Description:

    Previous studies on the impact of immigration on productivity in developed countries remain inconclusive, and most analyses are abstracted from firms where production actually takes place. This study examines the empirical relationship between immigration and firm-level productivity in Canada. It uses a data file derived from linking the Canadian Employer-Employee Dynamics Database that tracks firms over time with the Longitudinal Immigration Data file (IMDB) that includes sociodemographic characteristics at landing for immigrants who arrived in Canada after 1980.

    Release date: 2020-09-14

  • Articles and reports: 75-006-X202000100004
    Description:

    Using integrated data from the 2006 and 2016 censuses, this study examines persistent overqualification over time among immigrants and non-immigrants. More specifically, the study examines the link between various characteristics associated with immigration and the probability of overqualification in both 2006 and 2016.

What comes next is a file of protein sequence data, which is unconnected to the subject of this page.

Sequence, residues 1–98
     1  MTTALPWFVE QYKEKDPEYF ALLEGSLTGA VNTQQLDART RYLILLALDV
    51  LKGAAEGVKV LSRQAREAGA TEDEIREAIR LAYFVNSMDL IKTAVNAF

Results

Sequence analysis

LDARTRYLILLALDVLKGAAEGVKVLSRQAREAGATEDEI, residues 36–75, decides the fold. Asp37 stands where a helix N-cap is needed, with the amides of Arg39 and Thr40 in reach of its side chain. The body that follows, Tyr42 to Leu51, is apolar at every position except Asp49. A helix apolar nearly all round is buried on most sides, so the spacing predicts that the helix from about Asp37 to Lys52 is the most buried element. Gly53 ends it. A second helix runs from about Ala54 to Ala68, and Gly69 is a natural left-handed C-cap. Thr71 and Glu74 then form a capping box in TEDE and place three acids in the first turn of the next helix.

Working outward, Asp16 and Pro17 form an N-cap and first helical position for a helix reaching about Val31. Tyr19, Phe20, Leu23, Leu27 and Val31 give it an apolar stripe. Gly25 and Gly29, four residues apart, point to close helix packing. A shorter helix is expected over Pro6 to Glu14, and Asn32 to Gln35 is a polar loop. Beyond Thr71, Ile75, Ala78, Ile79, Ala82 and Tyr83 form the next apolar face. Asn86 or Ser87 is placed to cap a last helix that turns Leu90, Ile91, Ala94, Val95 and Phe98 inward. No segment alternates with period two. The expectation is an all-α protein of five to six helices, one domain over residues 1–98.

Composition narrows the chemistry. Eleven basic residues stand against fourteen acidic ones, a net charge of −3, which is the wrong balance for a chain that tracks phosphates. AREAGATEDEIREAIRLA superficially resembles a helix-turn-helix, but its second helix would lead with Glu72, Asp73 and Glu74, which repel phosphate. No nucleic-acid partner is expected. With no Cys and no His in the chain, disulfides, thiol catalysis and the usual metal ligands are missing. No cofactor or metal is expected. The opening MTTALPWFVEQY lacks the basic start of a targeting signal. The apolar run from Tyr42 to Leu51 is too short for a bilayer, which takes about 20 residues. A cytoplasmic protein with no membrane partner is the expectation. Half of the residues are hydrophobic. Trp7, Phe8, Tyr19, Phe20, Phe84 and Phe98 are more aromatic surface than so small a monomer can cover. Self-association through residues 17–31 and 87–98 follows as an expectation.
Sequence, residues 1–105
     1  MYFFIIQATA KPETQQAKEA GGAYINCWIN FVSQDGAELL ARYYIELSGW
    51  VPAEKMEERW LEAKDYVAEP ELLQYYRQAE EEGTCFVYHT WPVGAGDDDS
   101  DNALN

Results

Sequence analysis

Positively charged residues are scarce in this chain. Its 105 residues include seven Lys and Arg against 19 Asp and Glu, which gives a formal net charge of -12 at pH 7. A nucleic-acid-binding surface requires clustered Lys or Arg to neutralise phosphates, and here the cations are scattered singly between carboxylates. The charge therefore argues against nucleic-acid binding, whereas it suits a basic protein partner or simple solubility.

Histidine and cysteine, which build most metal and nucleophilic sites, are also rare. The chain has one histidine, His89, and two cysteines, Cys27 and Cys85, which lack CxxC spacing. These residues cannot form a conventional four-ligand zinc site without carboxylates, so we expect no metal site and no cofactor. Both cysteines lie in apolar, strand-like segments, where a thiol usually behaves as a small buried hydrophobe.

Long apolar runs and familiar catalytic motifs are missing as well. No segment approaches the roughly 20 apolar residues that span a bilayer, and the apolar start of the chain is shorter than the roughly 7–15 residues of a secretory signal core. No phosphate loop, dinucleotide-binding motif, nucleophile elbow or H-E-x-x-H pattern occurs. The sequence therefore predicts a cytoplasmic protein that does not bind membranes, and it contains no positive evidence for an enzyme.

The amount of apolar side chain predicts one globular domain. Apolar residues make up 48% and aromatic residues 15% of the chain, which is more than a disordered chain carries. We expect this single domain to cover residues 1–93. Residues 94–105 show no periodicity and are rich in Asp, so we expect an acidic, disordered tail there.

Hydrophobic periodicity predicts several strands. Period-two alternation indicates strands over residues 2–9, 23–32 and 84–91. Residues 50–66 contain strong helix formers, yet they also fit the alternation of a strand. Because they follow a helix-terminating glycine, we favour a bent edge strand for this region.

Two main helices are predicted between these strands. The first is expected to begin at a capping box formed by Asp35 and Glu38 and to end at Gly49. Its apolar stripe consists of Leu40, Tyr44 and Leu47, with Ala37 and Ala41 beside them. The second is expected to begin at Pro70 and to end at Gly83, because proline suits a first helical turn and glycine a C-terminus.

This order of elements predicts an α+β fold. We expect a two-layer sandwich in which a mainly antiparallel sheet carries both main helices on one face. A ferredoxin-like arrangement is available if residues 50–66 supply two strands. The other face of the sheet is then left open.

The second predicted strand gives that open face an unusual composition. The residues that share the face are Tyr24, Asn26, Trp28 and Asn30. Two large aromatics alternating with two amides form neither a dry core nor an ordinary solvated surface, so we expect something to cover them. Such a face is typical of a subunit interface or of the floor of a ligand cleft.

Release date: 2020-09-02

  • Stats in brief: 45-28-0001202000100070
    Description:

    During the widespread lockdown of economic activities in March and April 2020, the Canadian labour market lost 3 million jobs. From May to July, as many businesses gradually resumed their operations, 1.7 million jobs were recovered. While studies in the United States and Europe suggest that immigrants are often more severely affected by economic downturns than the native born, little is known about whether immigrants and the Canadian born fared differently in the employment disruption induced by the COVID-19 pandemic and, if so, how such differences are related to their socio-demographic and job characteristics. This paper fills this gap by comparing immigrants and the Canadian-born population in their transitions out of employment in the months of heavy contraction and into employment during the months of partial recovery.

    Release date: 2020-08-20

  • Stats in brief: 11-001-X202023325743
    Description: Release published in The Daily – Statistics Canada’s official release bulletin
    Release date: 2020-08-20
Data (29)

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Analysis (90)

Analysis (90) (0 to 10 of 90 results)

  • Stats in brief: 11-001-X202027225804
    Description: Release published in The Daily – Statistics Canada’s official release bulletin
    Release date: 2020-09-28

  • Articles and reports: 11F0019M2020016
    Description: